Market price of quality stocks are generally traded at most ambitious prices. One must have seen that some stocks are traded at P/E ratios of 5 and others at outrageous P/E ratios of 30. The question must be asked that why investors are ready to buy stocks at such exorbitant P/E ratios? Or to make the question more basic I will say all investors should ask, what is the right-price of this stock?

When we go to the market to buy groceries, vegetables, clothes we all see the price tags. We know the right-price levels of sugar, potato, T-shirt and the likes. Before we buy them we compare the market price with our right-price and only then we buy. People who bargain are those people who think that their right-price levels are lower than the current market price.

Of course the value of right-price differ form person to person but the difference is not huge and for sure it confirms a general understanding. If acceptable price levels of sugar are $1 per Kg and if a trader is selling it at $2 then he can be sure of loosing his business.

But in stock investment people do not know the right-price levels of stocks. This right-price is technically called as intrinsic value of stock. If one can learn to calculate the intrinsic value of a stock they can compare it with current market price and decide to buy/sell or avoid.

Warren Buffett says that stock s must be bought by maintaining a margin of safety of at least 2/3^{rd} of its intrinsic value. Suppose if a stock has intrinsic value of $300 and it is selling market price of $200 (2/3^{rd} of intrinsic value) only then the stock can be considered as an ideal buy.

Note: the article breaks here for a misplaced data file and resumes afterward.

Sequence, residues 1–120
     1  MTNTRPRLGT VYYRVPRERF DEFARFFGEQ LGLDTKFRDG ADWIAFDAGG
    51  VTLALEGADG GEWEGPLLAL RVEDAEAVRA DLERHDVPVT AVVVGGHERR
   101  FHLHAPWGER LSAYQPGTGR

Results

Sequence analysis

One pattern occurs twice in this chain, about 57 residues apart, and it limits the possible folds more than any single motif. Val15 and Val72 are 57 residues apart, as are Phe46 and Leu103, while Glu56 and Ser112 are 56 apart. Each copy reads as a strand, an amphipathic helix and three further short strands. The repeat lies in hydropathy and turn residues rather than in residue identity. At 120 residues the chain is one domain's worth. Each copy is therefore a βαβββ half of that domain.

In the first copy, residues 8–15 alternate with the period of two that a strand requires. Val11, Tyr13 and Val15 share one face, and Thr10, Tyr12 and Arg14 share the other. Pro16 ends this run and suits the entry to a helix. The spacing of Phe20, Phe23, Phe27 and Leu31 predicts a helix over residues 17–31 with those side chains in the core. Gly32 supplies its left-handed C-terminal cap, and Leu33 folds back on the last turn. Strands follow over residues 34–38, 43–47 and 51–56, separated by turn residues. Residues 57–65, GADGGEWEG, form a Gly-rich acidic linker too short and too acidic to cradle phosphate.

So the steps involved to buy you ideal stock are:

**Step1** – Calculate intrinsic value of stock

**Step2** – Maintain the margin of safety

**Step3** – Compare current market price with 2/3 of intrinsic value

# Step1 – Calculate intrinsic value of stocks

Let us take example of an investor who would like to buy stock of a company names XYZ and in interested to hold it for next five years (form 2010 to 2015) at least. His expected return form stock is 15% per annum including dividends earned.

Step A – Calculate average growth of earning per share for last 5 years

**Rs.**

| 2005/06 | 2006/07 | 2007/08 | 2008/09 | 2009/10 |

EPS | 32.5 | 41.3 | 50.9 | 49.7 | 49.7 |

CAGR (EPS) | | | | | 8.9% |

We will assume that the same 8.9% CAGR will be maintained by the company for the next 5 years of investment horizon. Hence EPS will grow form present levels of Rs 49.7 @ 8.9% CAGR to appreciate to Rs 76.12

Step B – Assume Price Earning Ratio (P/E) in the fifth year of investment horizon

| 2005 | 2006 | 2007 | 2008 | 2009 |

EPS | 32.5 | 41.3 | 50.9 | 49.7 | 49.7 |

Market Price | 398 | 685 | 1132 | 761.6 | 1088 |

P/E | 12.2 | 16.6 | 22.2 | 15.3 | 21.9 |

Average P/E | | | | | 17.65 |

We will assume that the same level of P/E ratio of 17.65 will be maintained by the company in 5^{th} year of investment horizon.

Step C – Predict market price of stocks in the fifth year of investment horizon

### Market price = EPS X P/E

Market price = 76.12 (EPS in the year 2015) x 17.65 (P/E ratio in the fifth year) = Rs 1343

Step D – Calculate present value of market price of stock

Market price of stock in the fifth year = Rs 1343

Rate of inflation assumed = 7% p.a.

Present value of Rs 1343 = Rs 960

# Step 2 – Maintain margin of safety

Price maintaining margin of safety = Present Value X 2/3 = 960 x 2/3 = Rs. 640

# Step 3 – Compare current market price with 2/3 of intrinsic value

| 2009/10 |

Current Market Price | Rs 1000 |

2/3 x Intrinsic Value | Rs 640 |

# Conclusion

As market price is higher than calculated intrinsic value (with margin of safety) hence we can consider this stock as overvalued. Overvalued stocks are never purchased by the great value investor Warren Buffett.

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